Google Blocking Some California Stories From News Search Results.

Photo: Pixabay. A stack of newspapers. How many can stay in business?
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Google has started blocking links from local news outlets in California from appearing in search results in response to the legislative progress of a bill in the California legistlature that would make tech companies pay publications for links that articles share.

The change does not apply to all people using Google in California, though it is not clear how many.
The California Journalism Preservation Act (CJPA) would require large online platforms to pay a “journalism usage fee” for linking to news sites based in the Golden state.

The bill passed in the California assembly in 2023. To become law, it still needs to win a vote in the Senate before being signed off by the governor, Gavin Newsom.

Stories from California-based news organizations will not be available for an unspecified number of state residents who use Google to search the web, in a show of its might as Google attempts to quash a state proposal it has been fighting for years.

It is an approach Google has deployed before in the face of laws forcing the company to pay for journalism. Critics of the tech giant’s hardball tactics have compared it to blackmail.

In California, the pending law in question would force tech companies like Google and Meta to pay publishers for news content.

Supporters say it would offer a lifeline to California’s news organizations, which have long been shedding jobs.

This situation is by no means unique to California as local newspapers in many states have struggled to stay alive in the face of competition from the Internet. Traditionally regional newspapers in the US had derived a great deal of their income from advertising for real estate and motor vehicles.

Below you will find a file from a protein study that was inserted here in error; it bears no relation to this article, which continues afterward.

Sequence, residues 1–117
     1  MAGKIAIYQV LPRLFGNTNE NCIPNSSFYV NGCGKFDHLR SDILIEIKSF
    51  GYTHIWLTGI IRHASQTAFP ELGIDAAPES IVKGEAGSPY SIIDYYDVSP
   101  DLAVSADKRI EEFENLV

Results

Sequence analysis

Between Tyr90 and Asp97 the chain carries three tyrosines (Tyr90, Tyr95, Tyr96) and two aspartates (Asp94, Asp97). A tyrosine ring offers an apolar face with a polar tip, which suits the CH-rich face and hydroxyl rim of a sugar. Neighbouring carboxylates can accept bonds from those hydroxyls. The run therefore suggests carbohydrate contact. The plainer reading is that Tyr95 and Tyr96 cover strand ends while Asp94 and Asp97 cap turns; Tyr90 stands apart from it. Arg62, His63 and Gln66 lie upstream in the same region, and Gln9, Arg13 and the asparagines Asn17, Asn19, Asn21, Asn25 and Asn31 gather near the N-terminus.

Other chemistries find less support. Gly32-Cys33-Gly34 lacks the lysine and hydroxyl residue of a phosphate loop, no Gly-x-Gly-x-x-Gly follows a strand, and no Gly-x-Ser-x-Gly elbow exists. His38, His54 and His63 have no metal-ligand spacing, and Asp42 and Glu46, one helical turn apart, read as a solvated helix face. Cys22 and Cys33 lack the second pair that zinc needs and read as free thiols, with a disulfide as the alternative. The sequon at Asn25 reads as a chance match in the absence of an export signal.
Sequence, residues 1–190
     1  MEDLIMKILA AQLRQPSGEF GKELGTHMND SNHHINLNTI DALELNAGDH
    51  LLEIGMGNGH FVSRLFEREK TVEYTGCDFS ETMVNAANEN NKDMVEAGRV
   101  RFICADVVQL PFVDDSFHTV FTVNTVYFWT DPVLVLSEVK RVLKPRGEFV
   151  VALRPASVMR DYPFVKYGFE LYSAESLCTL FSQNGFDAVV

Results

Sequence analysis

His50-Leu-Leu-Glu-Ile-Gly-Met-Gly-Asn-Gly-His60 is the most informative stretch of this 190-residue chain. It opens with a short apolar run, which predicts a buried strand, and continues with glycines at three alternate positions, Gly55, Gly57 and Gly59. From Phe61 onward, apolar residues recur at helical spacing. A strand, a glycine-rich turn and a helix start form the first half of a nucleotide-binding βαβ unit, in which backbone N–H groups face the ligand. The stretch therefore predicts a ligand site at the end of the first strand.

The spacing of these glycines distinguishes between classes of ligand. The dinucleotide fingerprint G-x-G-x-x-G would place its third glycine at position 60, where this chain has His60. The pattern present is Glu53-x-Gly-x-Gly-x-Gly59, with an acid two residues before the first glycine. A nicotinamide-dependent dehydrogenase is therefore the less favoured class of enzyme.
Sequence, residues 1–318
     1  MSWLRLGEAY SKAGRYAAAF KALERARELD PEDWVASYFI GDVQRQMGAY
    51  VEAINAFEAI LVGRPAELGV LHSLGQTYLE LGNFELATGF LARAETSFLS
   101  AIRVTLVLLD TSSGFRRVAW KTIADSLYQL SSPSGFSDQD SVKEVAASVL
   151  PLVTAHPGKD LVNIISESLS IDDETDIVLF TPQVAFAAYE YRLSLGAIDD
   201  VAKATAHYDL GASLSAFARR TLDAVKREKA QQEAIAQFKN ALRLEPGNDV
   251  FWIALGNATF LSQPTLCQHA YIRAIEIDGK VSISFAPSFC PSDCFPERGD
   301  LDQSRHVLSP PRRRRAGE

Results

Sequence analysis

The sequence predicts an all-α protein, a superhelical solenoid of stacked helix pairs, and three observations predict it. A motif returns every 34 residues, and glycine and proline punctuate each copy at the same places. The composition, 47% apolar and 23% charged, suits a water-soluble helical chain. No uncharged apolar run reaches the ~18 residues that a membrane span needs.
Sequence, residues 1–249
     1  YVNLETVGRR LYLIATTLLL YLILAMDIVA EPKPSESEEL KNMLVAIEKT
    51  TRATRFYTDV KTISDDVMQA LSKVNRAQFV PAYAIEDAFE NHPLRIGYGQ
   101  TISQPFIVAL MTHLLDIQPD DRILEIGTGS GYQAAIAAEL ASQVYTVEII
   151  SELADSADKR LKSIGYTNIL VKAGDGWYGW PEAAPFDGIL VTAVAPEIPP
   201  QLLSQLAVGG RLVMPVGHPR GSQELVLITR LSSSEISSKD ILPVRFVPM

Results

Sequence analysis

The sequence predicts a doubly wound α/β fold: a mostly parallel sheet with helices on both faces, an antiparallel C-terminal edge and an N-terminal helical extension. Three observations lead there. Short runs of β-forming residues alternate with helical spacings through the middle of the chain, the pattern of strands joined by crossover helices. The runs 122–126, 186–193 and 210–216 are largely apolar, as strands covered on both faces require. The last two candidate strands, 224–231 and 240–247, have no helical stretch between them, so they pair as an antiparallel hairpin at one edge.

But Google has been resisting the bill, arguing that being subject to what it calls “a link tax” for connecting California residents with news articles is “unworkable.

In its blog post, Google executive Jaffer Zaidi said the pending legislation, the California Journalism Preservation Act, is the wrong approach to supporting journalism.

The California bill is meant to support the local journalism industry, which has been gutted in recent decades in part due to the rise of social media and other online means of accessing news. But media equity advocates say that the legislation is misguided, and stands to benefit larger publishers over smaller outlets that are seeing more drastic impacts.

“If passed, CJPA may result in significant changes to the services we can offer Californians and the traffic we can provide to California publishers,” Zaidi wrote.

According to Zaidi, the blackout of California news articles is in anticipation of the bill passing. He said the move was temporary and would affect “a small percentage of California users.”

In 2023, Google made $307 billion, mostly through digital advertising.

Google and Meta have developed something of a playbook in response to efforts requiring tech giants to financially support the ailing news industry.

A spokesperson for Meta did not reply to questions about whether it too would begin restricting California news. Previously, Meta  to do so.

In Canada, Google threatened to pull all news links in the country after the passage of a law that made the company compensate media outlets for content. But Google hammered out a deal with government officials there before ever yanking news articles. Meta, meanwhile, continues to block news articles in Canada on Instagram and Facebook.

Canada’s law was patterned after similar legislation in Australia, where Meta also blocked news stories before tense negotiations led Meta and Google to eventually strike deals with news publishers.

Source: NPR, The Guardian.
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